Faced with annual budget cuts since becoming a unified district in 2013, Shelby County Schools has managed to keep most cuts from directly impacting classrooms.

Next school year will be different, says Superintendent Dorsey Hopson.

“There’s nowhere else to cut but the classrooms,” Hopson warned board members last week as he stared at an $86 million projected shortfall for the fiscal year that begins July 1.

This Wednesday, Hopson will outline his proposed cuts during a school board work session, kicking off a two-month process to hone the district’s spending plan. District leaders are scheduled to present their 2016-17 budget on May 25 to the Shelby County Commission, which approves local funding.

Here are five things we know going into the process:

  1. The next round of cuts are likely to be the most painful yet. On its studentsdeservemore.com website launched last week, the district offered an eight-point list of potential cuts, including decreasing teacher benefits, eliminating assistant principal positions at smaller schools, and closing more schools. Also on the table: fewer summer school courses, decreasing pay for substitute teachers, and shrinking the maximum distance for students receiving bus transportation.
  2. The starting numbers have gotten worse, not better, though they’re still better than where the process began last year. Next year’s shortfall, projected last fall at $72 million, is now up to $86 million. Hopson already has identified $50 million worth of cuts, leaving a gap of $36 million to address. This time last year, the district faced a deficit of $125 million, which it resolved through cost-cutting measures such as eliminating 482 positions and outsourcing services such as maintenance.
  3. Much of the cost-cutting is being driven by shrinking enrollment. And enrollment — and the money that follows it — are getting harder to predict. In 2013, the newly merged district had nearly 150,000 students, but enrollment is now at 110,000. The district took a large hit in 2014 when six suburban municipalities seceded from Shelby County Schools by creating their own school systems. It’s also steadily lost students to the state-run Achievement School District, which has taken control of 27 low-performing Memphis schools since 2011 and will add four more next fall. In addition, Memphis has a high rate of mobility. To address the student shrinkage, 20 Memphis schools have been shuttered since 2012, and the board recently voted to close another school next year due to under-enrollment. District staff also are developing a five-year school closing plan to present to the board next fall.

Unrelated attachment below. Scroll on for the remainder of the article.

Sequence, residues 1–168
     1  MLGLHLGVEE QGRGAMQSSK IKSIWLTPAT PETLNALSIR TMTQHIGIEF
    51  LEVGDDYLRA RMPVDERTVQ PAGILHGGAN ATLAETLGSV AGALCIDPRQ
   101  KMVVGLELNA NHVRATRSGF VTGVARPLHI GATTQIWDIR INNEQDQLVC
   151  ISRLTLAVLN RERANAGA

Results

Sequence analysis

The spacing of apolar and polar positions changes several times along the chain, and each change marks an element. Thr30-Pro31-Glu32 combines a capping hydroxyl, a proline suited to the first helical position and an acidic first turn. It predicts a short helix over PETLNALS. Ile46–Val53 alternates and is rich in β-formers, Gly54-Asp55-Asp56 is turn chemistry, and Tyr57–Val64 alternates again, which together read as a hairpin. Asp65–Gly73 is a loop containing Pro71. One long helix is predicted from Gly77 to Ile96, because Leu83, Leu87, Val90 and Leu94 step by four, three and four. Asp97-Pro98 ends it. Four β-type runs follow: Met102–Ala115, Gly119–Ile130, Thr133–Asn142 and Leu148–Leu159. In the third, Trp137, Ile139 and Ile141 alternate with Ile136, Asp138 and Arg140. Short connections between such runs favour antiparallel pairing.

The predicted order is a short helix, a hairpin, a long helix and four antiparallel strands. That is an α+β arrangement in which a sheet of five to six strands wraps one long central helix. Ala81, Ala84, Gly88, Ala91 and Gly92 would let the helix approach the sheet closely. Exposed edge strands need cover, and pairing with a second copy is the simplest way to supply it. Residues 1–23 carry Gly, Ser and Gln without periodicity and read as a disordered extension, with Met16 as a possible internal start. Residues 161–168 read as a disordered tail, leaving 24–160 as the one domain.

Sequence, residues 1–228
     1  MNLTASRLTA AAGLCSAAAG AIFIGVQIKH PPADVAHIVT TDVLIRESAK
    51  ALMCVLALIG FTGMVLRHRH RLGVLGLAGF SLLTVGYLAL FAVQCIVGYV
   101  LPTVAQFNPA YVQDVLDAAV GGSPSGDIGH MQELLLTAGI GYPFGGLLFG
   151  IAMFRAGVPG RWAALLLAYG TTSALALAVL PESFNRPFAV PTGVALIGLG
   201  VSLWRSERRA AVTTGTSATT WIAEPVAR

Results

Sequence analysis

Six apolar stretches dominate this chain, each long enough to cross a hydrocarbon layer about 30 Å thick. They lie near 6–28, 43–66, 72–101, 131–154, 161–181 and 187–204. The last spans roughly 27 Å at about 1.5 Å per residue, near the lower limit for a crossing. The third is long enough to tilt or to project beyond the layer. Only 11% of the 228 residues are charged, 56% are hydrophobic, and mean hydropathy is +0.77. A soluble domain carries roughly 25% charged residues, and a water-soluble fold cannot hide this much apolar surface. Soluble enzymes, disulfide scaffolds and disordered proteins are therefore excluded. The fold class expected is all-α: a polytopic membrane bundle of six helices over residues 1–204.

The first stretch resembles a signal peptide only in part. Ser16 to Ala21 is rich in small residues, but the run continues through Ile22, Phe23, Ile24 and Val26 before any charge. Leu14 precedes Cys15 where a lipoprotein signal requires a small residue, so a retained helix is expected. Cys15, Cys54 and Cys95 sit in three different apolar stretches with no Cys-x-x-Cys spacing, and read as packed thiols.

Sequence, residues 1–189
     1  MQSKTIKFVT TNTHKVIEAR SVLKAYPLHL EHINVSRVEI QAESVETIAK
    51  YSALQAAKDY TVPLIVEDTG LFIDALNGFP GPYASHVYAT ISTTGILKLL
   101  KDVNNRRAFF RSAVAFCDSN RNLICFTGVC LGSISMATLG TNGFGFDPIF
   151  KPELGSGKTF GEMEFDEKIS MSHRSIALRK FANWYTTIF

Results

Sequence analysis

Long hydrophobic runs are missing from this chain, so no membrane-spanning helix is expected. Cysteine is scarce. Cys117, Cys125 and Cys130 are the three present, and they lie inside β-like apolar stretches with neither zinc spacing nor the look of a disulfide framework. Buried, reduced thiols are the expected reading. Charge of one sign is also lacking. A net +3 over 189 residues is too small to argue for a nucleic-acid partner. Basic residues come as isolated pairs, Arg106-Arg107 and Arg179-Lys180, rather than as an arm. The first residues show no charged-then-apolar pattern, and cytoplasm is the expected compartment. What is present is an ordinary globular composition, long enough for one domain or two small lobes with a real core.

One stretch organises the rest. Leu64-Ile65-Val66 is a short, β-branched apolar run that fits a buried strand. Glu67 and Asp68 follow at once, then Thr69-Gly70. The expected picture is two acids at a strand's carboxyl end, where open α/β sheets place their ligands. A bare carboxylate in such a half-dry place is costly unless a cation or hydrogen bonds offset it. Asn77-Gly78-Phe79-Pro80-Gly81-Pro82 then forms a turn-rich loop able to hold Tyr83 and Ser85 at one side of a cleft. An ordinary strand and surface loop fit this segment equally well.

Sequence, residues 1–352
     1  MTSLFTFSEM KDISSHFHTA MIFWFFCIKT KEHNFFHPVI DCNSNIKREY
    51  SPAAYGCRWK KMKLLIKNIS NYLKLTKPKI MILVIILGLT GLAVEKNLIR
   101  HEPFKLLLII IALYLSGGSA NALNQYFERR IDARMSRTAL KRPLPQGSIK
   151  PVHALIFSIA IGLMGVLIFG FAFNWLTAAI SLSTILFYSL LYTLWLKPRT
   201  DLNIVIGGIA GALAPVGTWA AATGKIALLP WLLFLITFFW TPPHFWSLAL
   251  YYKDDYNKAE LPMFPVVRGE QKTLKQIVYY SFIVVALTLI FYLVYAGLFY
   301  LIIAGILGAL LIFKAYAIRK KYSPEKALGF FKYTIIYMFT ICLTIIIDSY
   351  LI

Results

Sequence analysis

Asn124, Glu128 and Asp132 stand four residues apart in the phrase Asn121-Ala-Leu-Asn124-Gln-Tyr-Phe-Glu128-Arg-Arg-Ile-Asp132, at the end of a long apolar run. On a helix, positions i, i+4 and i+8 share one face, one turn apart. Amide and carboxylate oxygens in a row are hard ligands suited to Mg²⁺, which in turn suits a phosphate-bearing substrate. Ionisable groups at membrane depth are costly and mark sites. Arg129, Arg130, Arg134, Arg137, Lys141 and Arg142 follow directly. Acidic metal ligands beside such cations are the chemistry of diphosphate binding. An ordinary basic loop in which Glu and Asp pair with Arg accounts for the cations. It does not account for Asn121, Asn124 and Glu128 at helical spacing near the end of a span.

4. And it doesn’t help that the $90 million grant from the Bill & Melinda Gates Foundation is scheduled to dry up this year. Since receiving its first check in late 2009, the district has received quarterly payments from the landmark grant to support its teacher and principal quality improvement work. But with the last of that money due to be allocated this year, the district must decide whether or how to continue that work. Potentially exacerbating the situation, Gov. Bill Haslam has proposed changes to the state’s education funding formula that could decrease state money that the district has enjoyed to boost teacher salaries because, locally, private sector wages significantly outweigh government job wages. Last year, Shelby County Schools received almost $31 million for that purpose.
  5. The final budget will almost certainly look different from the starting point. Hopson is expected to recommend that the board ask the County Commission for increased local funding — again. And, in an unprecedented move, the district has developed a website as a hub for rallying employees, parents and community members to advocate for additional funding from both the county and the state. Last year, the board received about half of the additional $14 million requested from the county, on top of its regular allocation based on the funding rate. At the time, commissioners grilled administrators about their spending habits and expressed frustration that local governments are increasingly being asked to pick up the slack for the state when it comes to adequately funding schools. That sentiment doesn’t appear to have changed. Asked about the prospects of the commission voting to fund this year’s $36 million gap, David Reaves, the commissioner’s education committee chairman, offered a quick summation. “Highly unlikely,” he said.